Japan's central bank has agreed to lend up to 10 trillion yen ($93.3 billion) to monetary authorities as a stopgap measure to cover an aggressive campaign to keep the yen from rising, the Finance Ministry said Friday.
The announcement was apparently intended to head off speculation the ministry may run short of money to intervene in currency markets. The government has bought billions of dollars this year in an effort to prevent a strong yen from hurting a recovery by the world's second-largest economy, which relies heavily on exports.
The Bank of Japan has agreed to buy foreign bonds from the ministry on three-month repurchase agreements to provide monetary authorities with up to 10 trillion yen in short-term funding if needed "to continue to respond flexibly to moves in the foreign exchange market," the ministry said in a statement.
The ministry will decide how many bonds to sell depending on "conditions in the currency market," an official said on condition of anonymity.
National lawmakers are set to approve an increase in the ministry's special foreign exchange account, which sets aside money for currency intervention, after Parliament reconvenes in January.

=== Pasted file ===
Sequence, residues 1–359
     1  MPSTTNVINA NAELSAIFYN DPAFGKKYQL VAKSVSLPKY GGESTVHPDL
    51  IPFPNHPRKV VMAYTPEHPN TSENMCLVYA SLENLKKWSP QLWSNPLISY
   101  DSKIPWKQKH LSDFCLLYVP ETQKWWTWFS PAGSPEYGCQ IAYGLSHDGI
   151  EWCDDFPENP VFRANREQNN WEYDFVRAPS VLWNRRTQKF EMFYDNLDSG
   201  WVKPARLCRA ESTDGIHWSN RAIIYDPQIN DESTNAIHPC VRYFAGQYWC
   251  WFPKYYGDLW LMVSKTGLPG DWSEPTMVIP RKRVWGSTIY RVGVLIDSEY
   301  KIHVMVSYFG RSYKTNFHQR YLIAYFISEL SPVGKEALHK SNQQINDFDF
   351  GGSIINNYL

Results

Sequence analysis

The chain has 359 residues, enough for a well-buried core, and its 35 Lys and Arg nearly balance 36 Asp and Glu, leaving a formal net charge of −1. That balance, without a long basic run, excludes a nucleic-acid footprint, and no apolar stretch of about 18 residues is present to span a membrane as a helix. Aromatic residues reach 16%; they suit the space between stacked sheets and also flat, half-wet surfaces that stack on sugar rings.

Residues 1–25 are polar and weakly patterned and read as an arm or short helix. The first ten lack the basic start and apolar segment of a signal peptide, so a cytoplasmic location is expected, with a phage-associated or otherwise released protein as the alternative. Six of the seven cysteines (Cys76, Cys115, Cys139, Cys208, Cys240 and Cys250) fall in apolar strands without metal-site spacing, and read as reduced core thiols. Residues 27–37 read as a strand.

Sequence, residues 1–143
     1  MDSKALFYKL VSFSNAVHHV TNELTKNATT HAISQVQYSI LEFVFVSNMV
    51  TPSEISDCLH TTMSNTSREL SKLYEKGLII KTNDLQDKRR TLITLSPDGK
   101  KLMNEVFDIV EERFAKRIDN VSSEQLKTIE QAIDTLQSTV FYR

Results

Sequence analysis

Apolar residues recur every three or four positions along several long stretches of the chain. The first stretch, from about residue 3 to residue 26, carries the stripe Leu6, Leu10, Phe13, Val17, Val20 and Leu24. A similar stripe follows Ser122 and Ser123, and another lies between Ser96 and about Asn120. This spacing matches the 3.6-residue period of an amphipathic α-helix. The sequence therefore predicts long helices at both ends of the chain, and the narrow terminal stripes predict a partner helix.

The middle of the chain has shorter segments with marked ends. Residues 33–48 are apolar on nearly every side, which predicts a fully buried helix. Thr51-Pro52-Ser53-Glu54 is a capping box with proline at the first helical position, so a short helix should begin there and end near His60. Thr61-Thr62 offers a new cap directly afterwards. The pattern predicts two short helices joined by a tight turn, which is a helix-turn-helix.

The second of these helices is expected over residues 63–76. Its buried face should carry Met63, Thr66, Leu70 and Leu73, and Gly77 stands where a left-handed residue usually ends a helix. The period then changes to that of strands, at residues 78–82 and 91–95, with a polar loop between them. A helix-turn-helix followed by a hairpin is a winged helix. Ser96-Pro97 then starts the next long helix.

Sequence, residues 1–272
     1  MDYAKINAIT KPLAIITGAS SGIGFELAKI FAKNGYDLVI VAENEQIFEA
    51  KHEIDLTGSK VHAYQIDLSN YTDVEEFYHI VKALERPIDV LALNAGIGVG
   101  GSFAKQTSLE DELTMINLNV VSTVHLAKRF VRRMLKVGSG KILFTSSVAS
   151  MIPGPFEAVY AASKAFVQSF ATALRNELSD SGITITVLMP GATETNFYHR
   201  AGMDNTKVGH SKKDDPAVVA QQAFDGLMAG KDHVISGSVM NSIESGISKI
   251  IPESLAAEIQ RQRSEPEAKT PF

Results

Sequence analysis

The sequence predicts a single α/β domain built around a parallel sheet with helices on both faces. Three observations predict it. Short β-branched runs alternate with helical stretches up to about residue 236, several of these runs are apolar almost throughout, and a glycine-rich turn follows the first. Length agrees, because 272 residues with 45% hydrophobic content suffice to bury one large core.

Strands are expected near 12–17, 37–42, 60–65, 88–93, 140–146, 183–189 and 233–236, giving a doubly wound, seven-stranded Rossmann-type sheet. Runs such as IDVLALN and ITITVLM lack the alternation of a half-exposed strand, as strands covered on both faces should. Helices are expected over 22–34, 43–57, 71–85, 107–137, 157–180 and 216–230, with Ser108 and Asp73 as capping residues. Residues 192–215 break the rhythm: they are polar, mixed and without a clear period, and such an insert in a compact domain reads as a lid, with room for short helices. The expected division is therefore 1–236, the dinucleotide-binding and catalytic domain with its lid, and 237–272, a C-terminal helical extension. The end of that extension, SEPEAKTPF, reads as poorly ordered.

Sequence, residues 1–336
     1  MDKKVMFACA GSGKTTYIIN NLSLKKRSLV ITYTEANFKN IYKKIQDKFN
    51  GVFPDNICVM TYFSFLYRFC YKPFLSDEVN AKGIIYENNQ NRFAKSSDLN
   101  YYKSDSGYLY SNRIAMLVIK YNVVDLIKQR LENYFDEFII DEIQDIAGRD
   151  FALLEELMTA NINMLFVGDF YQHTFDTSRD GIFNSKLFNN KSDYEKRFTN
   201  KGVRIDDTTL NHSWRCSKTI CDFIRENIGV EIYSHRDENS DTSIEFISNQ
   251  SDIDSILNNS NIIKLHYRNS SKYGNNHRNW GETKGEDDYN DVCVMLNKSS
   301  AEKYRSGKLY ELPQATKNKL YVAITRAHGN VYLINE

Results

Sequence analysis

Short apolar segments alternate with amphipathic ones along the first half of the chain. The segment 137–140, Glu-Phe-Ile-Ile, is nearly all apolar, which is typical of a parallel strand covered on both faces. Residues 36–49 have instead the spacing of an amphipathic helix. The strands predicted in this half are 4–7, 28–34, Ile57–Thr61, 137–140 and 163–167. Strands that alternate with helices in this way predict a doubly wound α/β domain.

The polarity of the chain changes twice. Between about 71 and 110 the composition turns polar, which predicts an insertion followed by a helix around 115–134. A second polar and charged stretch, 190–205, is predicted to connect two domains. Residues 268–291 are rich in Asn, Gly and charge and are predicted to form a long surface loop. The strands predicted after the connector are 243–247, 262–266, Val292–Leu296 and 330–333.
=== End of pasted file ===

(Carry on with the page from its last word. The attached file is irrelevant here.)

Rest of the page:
Analysts said the measures announced Friday were intended to dissuade financial markets from betting that monetary officials could face a shortfall pending that approval.
The Finance Ministry is "making sure that its arsenal is fully stocked, especially as it may need to intervene heavily over the year-end (and) New Year's holidays when speculators might use thin liquidity to push the dollar lower," Minoru Shioiri, foreign exchange manager at Mitsubishi Securities, told Dow Jones Newswires.
The government said it spent 17.8 trillion yen ($166.23 billion) on yen-selling operations in the first eleven months of 2003.
Some traders think the government might have about 5 trillion left ($46.69 billion) in the special account.
The dollar was trading at 107.08 yen on the Tokyo foreign exchange market at 5 p.m. Friday, down 0.10 yen from late Thursday.